Comfortably in second place, driven by the guidance of cloud-first CEO Satya Nadella, Microsoft continues its dominance with enterprise customers. With long-standing C-suite relationships built through decades of Windows and Office use, the company offers a safe bet for organizations looking to dip their toes into the cloud. It also does not hurt that the company’s Office 365 and Microsoft Teams offerings are a curent favorite among enterprise customers.
Azure’s compute offerings are simply called Virtual Machines. Like AWS, it also has helper tools such as Cloud Services, Azure Autoscaling, and Resource Manager to aid customers in fully maximizing its VMs. For storage, Azure SQL Database and Azure DocumentDB are the company’s bestseller solutions for SQL and NoSQL requirements. Other offerings include its core Azure Storage Service, Azure Blob Block Storage, Table, Queue & File Storage, and Azure Backup.
For multi-cloud or hybrid requirements, Azure beats both AWS and GCP through its well-established Azure Stack offering. This provides customers with the hardware and software required to deploy Azure public cloud services from a local data centre with a shared management portal, code and APIs for simple interoperability.
And just like AWS, Azure offers an easy-to-use price calculator for would-be customers.
Speaking of customers, Microsoft Azure boasts (albeit unlike AWS) a reputable list of blue-chip customers such as Ford, NBC News, EasyJet, and the US Department of Defense.
Summing everything up, Microsoft Azure is very compelling most especially in organizations that already have a strong Microsoft install-base, with its natural compatibility to older Microsoft technologies a huge plus. This is proven by a recent survey by Goldman Sachs of 100 senior executives, wherein 56 percent say they prefer the Redmond giant versus AWS. Also working in Azure’s favor is the well-established, global enterprise salesforce that Microsoft has cultivated, nurtured and trained through the decades that can easily co-sell the platform alongside their other products. As a downside, however, Microsoft Azure has been recently perceived as less reliable in comparison to AWS. A recent major global outage in 2019 illustrates this point and has analysts from Gartner suggesting the movement of disaster recovery capabilities away from Azure in the meantime.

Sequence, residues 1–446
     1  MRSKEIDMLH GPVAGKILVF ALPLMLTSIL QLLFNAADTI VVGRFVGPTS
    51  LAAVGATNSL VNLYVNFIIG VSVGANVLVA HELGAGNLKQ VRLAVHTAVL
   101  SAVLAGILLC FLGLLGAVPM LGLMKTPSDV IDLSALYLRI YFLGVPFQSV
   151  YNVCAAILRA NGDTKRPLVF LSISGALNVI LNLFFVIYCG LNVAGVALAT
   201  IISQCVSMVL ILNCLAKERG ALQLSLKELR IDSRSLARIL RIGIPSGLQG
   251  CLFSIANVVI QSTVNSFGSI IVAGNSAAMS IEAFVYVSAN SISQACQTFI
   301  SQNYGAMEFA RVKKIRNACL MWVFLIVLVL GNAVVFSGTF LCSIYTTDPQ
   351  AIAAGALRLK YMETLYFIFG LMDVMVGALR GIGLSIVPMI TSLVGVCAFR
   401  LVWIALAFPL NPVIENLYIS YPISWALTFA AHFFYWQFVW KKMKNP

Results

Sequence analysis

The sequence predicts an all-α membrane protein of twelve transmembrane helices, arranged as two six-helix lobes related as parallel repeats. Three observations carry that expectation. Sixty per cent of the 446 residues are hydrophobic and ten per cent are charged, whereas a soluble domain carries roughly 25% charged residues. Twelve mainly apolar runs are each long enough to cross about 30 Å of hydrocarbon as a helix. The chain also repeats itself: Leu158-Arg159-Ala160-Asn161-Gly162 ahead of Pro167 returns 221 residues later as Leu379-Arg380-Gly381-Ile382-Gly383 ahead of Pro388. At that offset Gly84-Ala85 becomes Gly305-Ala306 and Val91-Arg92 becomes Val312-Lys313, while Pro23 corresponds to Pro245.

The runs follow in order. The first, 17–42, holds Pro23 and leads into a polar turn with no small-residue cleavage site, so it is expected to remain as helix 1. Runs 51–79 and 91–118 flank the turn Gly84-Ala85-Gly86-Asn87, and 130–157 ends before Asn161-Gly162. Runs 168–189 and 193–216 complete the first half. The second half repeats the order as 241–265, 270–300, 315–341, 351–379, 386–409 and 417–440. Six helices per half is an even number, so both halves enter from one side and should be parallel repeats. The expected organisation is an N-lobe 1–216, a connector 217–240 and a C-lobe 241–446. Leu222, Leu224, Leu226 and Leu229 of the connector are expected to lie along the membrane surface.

Google Cloud Platform: Artificial Intelligence & Open Source
Perhaps the hungriest and fiercest challenger in the group, Google offers a simple but very compelling value proposition: they are offering same infrastructure technologies that have powered the internet’s most popular applications such as Google Search, YouTube, Gmail and Google Maps at your fingertips. And with an army of the world’s brightest engineering talents, it also stands as one of the industry’s deep experts in using open source technologies at an enterprise scale.
Compute Engine is Google’s answer to the EC2 and Virtual Machine services of its competitors. These are quick-booting instances with persistent storage and high vCPU and vGPU configurability by default. For storage, Google offers quite a range of SQL and NoSQL options, with Google Cloud SQL and Google BigTable to name a few.
For hybrid computing, GCP has recently launched Anthos in 2019, which brings together a combination of Google Kubernetes Engine (GKE), GKE On-Prem, and the Anthos Config Management Console to integrate things.
Price-wise, customers may estimate their consumption costs easily through this calculator.
In terms of customers, Google Cloud Platform clearly has the least stellar of the Big Three, at least for now. GCP counts Spotify and HSBC as some of its big-name customers.
In conclusion, Google Cloud Platform or GCP has an outstanding reputation with cloud-native companies and their applications, not to mention the open-source community to which Google has contributed greatly. Its massive strength in big data and other analytics applications, and machine learning projects can not be denied, and despite both AWS and Azure offering similar solutions, GCP has emerged the winner in the AI department. GCP seems to have also been very effective in smaller, innovative projects within organizations, and playing a supporting role in the company’s strategic cloud roadmap is a recognized strategy by the company as it tries to push its way up the cloud computing rankings. However, it is also noteworthy to state that Google needs to improve its enterprise capabilities and global footprint of data centers, if they it wishes to upend AWS and Azure in the near future.